In a recent decision originating from the United States District Court for the Western District of Oklahoma, Oklahoma v. Employers Reinsurance Corp., No. Civ-06-0426-HE, (W.D. Okla. Sept. 13, 2007), the court refused to imply a "follow the fortunes" clause into a facultative certificate in the absence of the explicit inclusion of such a term by the parties. The court also found that the cedent was bound to allocate an underlying settlement for purposes of its reinsurance recoveries in a manner consistent with a previous agreement with its reinsurer.

Kim Holland, the Insurance Commissioner for the State of Oklahoma (the "Receiver"), brought suit against Employers Reinsurance Corporation ("ERC") in her capacity as receiver of Hospital Casualty Company ("HCC"), contending that HCC was entitled to reinsurance recoveries from ERC for certain claims arising under facultative certificates issued by ERC to HCC. The Receiver pursued two unrelated claims in a single proceeding.

The first claim involved the question of whether ERC was obligated to reimburse HCC for a portion of a settlement payment attributable to punitive damages. ERC argued it was not responsible for these damages, since Oklahoma’s public policy generally prohibits insurance coverage for punitive damages. Although the court recognized this general rule, it noted that an exception exists where the insured’s liability for punitive damages is based on vicarious liability. Notably, while the underlying action against HCC included both direct and vicarious liability claims, the jury did not distinguish between the claims in awarding damages. Under these circumstances, the court found that that punitive damages were "presumed" to be covered by the underlying policy and thus within the scope of the reinsurance certificate at issue. Therefore, ERC was obligated to reimburse HCC for such losses.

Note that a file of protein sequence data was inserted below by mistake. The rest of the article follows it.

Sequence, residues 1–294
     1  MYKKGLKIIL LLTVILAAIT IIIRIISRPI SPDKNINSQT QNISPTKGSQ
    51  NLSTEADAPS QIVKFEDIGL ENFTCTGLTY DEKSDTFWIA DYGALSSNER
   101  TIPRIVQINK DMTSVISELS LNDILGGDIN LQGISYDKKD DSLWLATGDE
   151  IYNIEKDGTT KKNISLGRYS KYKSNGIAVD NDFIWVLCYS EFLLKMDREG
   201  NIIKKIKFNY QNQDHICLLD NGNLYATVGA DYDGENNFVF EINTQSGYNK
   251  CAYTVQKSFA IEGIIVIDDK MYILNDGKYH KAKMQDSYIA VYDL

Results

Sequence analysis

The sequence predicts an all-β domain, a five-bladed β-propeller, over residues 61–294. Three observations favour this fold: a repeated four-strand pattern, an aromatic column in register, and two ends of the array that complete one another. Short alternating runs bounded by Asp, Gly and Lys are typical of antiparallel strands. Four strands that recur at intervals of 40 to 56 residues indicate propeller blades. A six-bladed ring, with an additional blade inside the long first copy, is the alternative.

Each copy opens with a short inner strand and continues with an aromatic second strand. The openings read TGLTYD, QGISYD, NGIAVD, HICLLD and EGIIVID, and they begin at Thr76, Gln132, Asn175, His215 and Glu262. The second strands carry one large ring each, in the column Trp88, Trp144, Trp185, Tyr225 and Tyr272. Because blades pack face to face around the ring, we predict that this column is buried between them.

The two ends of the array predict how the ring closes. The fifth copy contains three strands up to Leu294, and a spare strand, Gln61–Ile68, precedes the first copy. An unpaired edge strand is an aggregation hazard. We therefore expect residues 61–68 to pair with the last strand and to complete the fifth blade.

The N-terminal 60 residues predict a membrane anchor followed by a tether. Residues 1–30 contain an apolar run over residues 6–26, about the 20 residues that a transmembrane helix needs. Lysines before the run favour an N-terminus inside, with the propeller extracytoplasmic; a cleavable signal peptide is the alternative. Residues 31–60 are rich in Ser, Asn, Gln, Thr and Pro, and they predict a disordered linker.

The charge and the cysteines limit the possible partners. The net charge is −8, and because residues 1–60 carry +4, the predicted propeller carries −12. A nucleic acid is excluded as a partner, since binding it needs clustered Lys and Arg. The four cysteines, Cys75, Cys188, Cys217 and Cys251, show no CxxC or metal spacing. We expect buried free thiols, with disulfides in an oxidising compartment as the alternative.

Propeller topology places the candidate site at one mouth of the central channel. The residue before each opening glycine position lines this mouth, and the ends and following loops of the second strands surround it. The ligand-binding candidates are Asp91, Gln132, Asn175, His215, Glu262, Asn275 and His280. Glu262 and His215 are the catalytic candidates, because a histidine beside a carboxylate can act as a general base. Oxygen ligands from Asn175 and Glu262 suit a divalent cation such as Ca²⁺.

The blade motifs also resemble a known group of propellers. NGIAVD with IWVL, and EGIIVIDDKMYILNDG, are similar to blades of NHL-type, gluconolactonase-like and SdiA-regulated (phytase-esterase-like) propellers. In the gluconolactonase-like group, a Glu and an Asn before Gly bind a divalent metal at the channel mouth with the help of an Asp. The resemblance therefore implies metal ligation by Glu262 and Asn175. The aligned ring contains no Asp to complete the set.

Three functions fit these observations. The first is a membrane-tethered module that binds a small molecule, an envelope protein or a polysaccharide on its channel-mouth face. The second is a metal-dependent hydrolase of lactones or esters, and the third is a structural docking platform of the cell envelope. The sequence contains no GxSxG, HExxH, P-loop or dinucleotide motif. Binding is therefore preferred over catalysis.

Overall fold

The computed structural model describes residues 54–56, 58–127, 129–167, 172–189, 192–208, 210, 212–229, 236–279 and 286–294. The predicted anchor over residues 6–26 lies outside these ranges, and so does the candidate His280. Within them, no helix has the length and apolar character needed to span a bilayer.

As for the second claim, HCC entered into a global settlement with its insureds and sought indemnification from ERC based upon an initial allocation of settlement liability (to which ERC agreed). Subsequently, HCC sought to "re-allocate" the underlying settlement between policy years and contended that the "follow the fortunes" doctrine required that HCC’s re-allocation be followed by ERC.

ERC objected to HCC’s purported re-allocation on several grounds. First, ERC contended that it was not obligated to follow the allocation because the reinsurance certificate at issue did not contain a follow the fortunes clause. While the court did not resolve this issue, it noted that it was "reluctant" to imply a follow the fortunes clause into the certificate in the absence of a specific agreement by the parties to include such language, particularly where the parties are sophisticated entities capable of protecting their interests during contract negotiations.

Moreover, the court found that, even assuming that follow the fortunes doctrine were applicable to the dispute, it would not bind ERC to the allocation since HCC was effectively seeking to "re-allocate" the loss on an entirely different basis than it had previously agreed. The court distinguished HCC’s re-allocation from the pro-cedent, follow-the-allocation cases it relied upon, in that those cases involved allocations that were not subject to an explicit agreement by the cedent with respect to the nature of the allocation or situations in which a reinsured allocated a settlement in a manner different from its pre-settlement analysis. The court held that since HCC had entered into an express agreement with ERC to allocate the loss in a specific manner after the settlement, it was bound to that allocation and could not have a "second bite at the apple."

Click here to review a copy of the District Court's decision.